Plan to decongest Lagos port through rail suffers setback

The Federal Government’s plan to decongest the Lagos Port Complex (LPC) at Apapa by moving 90 units of 40-foot container cargoes daily through the rail services is experiencing hitches, The Nation investigation has shown.

About a month ago, Transportation Minister Saidu Alkali kicked off cargo movement on the Apapa Port standard gauge branch line from the APM Terminal to Moniya in Ibadan, the Oyo State capital.

But The Nation investigations have shown that the need for importers to pay double-handling charges is hampering the decision of the Federal Government to decongest the Apapa port through cargo rail service for importers outside Lagos.

Cargo owners have said terminal operators made them pay for their containers’ transfer from the quay to the rail, as the rail does not extend to the quay.

A correspondent reports that the Nigerian Railway Corporation (NRC), which operates the cargo train, does not have the amount importers are supposed to pay on its website and other places to access such information.

An invoice our correspondent obtained from one importer showed that the cumulative amount an importer has to pay to get a 20-foot container in Ibadan is N354,079.2. At the same time, the importer is also expected to pay N625,381.26 before his 40-foot container is delivered to him in the Oyo State capital.

Speaking with our correspondent on the development, a notable freight forwarder and former President of the National Association of Government Approved Freight Forwarders (NAGAFF), Dr. Eugene Nweke, described the amount as outrageous when compared with the amount importers pay truck drivers from the Apapa port to anywhere in Oyo State.

He criticized the Nigerian Shippers Council (NSC) for its inability to have an acceptable price with other stakeholders before the minister was invited to kick off the cargo movement from Lagos to Ibadan.

“No wonder the rail service is operating below capacity due to low participation of containers to meet the three trips per day schedule initially earmarked for the service by the minister,” he said.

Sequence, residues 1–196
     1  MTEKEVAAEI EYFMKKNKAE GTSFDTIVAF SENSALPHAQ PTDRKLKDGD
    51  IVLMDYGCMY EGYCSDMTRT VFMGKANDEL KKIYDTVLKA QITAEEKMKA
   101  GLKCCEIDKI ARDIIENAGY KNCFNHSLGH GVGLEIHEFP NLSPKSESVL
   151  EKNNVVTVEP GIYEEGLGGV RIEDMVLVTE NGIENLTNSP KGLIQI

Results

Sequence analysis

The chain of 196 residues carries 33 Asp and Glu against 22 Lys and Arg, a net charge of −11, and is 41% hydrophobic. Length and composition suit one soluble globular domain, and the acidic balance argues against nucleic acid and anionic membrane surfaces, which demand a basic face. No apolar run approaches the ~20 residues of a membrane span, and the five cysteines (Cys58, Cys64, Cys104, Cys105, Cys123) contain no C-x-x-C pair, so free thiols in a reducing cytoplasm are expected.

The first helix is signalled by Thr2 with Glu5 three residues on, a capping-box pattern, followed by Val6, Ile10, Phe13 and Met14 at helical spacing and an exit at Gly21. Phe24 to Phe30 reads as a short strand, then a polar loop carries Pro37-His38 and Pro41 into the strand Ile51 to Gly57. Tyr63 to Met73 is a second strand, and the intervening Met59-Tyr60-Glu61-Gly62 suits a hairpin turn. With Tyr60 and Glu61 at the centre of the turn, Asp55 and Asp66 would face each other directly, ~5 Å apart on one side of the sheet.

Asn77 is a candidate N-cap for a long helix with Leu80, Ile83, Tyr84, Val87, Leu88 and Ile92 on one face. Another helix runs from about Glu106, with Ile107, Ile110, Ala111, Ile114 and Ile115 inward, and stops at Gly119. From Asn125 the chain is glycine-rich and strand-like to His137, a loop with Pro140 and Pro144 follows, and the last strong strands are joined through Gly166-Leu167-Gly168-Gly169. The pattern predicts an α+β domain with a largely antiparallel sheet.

A truck driver, Mr. Yahya Ibrahim, said they collected N300,000 and N350,000 to move a 20-foot container to Ibadan, while they also collected between N550,000 and N600,000 to move a 40-foot container to the same city.

This amount, Ibrahim said, includes about N100,000 to “bribe” security agents and “Area Boys” on the road while conveying the containers to their destination.

“If you, as a businessman, calculate the amount you have to pay for rail and the amount the truck driver will collect, you will prefer to use the truck than the rail,” said an importer, Gbolahan Badejoko.

An importer, Mr. Kolade Adeyemo, told our correspondent that the operators of APM Terminals at Apapa had what they called Rail Handling Charges (RHC), which the shippers must pay to the terminal before they could enjoy the rail services.

But the Lagos District Manager of the Nigerian Railway Corporation (NRC), Augustine Arisa, told reporters that “the issue of double-handling charges is always like that anywhere in the world where the track does not get to the port quay”.

They claimed that after paying some charges at the Lagos Port, they were being levied on the same containers on arrival at Moniya in Ibadan, Oyo State.

Source: The Nation

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